There was an article on grammar in yesterday's Melbourne newspaper, the Age - no point putting in a link as you have to be a subscriber to read most Age items online. The comments section has now closed, so I thought I'd put in my penny's worth here instead. It's all about writing, after all
The author made the very good point that, however you feel about it, grammar is about communication. A lot of once-ironclad rules have been dropped over the years. Few people these days worry about ending a sentence on a preposition or starting a sentence with a conjunction. I know I don't. These days, who cares if you use "their" with "everyone" instead of the awkwardness of "his or her"? And there is, of course, the most famous split infinitive of all time - "to boldly go" ! It's poetic. In that particular case "to go boldly" would be jarring. They did fix the political incorrectness of "where no man has gone before", of course, with the almost as poetic "where no one has gone before" (strictly speaking, it's still politically incorrect, because of all the non-humans living on those planets the Enterprise visits, so clearly, someone has gone there before, but you can't keep a good line down, so stuff correctness!)
I hated the dullness of doing grammar from the textbook when I was at school, because I was good at it. I was naturally good at it. I couldn't explain why you said this instead of that. Heck, I couldn't even tell you the definition of a dangling participle till about five minutes ago. I still can't explain it, though examples are good. The Dictionary.com example is: "Plunging hundreds of feet into the gorge, we saw Yosemite Falls." You can see why it's not a good idea to write this unless you're writing about a bunch of tourists noticing things as they fall into a gorge, just before they go splat at the bottom. It's not something I would ever write, myself, because it doesn't make sense, does it?
Most people, though, aren't naturally good at it. And many would not see anything weird in that sentence about the suicidal tourists. I'm betting most of my Year 8 students wouldn't. They would say, "But we know what that sentence means, Miss," and they probably would, damn them!
That doesn't mean it's okay to get it wrong. In the end, it is about communication. Everyone has to be able to get it. Everyone includes grammar nazis and also people for whom English is another language. We need to have an agreed set of rules if we want to be able to teach the language to others. We should be able to break them sometimes, but only if we know what we're doing. You have to know what the rules are before you can break them confidently. If you break them just because you don't know them, that's when you're not communicating.
It's kind of hard to teach grammar, though, especially if you're naturally good at it. You can't explain. You just know what makes sense and what doesn't.
And then there are the textbooks. There are textbooks now which look cute and child-friendly and aren't. The textbook formerly used at my school is one of them. I hardly used it when it was on the book list, because you had to explain the contents of each page before the kids could do it. I used it only when I felt guilty - they had paid for it, after all.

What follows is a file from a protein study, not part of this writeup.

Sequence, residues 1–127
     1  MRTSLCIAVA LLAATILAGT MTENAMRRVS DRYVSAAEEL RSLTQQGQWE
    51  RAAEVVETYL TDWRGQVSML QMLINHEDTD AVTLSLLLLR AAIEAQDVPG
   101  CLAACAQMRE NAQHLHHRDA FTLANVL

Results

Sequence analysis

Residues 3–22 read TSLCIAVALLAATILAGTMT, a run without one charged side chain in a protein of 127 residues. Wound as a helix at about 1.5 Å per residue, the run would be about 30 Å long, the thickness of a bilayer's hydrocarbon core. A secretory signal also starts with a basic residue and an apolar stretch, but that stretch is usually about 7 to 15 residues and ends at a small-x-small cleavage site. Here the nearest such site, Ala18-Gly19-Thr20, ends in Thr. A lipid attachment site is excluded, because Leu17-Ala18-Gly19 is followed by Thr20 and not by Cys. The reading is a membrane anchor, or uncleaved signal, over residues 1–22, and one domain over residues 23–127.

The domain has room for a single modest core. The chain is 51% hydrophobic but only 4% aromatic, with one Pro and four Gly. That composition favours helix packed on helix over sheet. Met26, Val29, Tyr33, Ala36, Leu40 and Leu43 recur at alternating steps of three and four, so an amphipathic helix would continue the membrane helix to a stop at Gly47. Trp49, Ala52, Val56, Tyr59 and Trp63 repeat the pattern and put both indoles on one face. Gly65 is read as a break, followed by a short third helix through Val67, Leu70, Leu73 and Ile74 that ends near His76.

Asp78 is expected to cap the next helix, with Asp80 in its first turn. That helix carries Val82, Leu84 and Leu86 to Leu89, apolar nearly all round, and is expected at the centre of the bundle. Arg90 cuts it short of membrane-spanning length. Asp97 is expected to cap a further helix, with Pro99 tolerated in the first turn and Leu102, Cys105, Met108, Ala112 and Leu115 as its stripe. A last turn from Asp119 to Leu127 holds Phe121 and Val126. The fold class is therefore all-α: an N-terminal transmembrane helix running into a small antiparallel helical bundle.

The other day, I had to look after the Year 8 ESL students, whose teacher was absent. She had left them work, but some didn't have the worksheet, for some reason. An obliging colleague gave me a page from the Year 7 textbook. I also had to look after my integration student, who just couldn't do the writing the rest of the class was doing, so I offered him the textbook page the ESL students were doing. He looked at it and said,"It's too hard!" And, looking at it again, I realised that, for him, it was.
Nevertheless, you do have to get grammar right if you want everyone to understand you. That said, there are some differences between English-speaking countries. Americans, for example, say, "of a" when the rest of us just say, "a". I know that for them, it's correct(just as it's correct to pronounce "herbs" as "erbs") but it drives me nuts when I get it in my slushpile.
And then there's spelling. A lot of kids spell texting style. When you text someone, the more characters you use, the more it costs, so you text "Wot r u doing?" and when you aren't texting, you will probably write the same way out of habit. However, there are also rules in text(or txt?) speak. You have terms such as LOL and ROTFL which everyone understands. I have heard of someone,unfamiliar with these rules, who texted LOL meaning "lots of love" not "laugh out loud". This was not a good idea, as the person was sending a condolence to a friend who had just lost a family member!
I teach literacy four mornings a week and have to explain to my students that when they do their spelling test after we've finished a word list, they must listen carefully to the sentence in which I put each word, because there are words that sound the same, but are spelled differently and mean completely different things. Mind you, I sometimes have to explain also that the rules of spelling are often messy and nearly always have exceptions, probably because of all the different people who invaded Britain over the centuries and left their own marks on the language. I tell them that sometimes you just have to know it.
But don't forget that spelling has changed over the centuries and at one time people didn't worry too much about it at all. Just look at a poem in Middle English to see what I mean. Or at Shakespeare that hasn't been fiddled with by modern editors.
And then there's American spelling, which is yet another kettle of fish. I won't go into that here, because it would take a post of its own!
What do you think? Is grammar and spelling important for communication?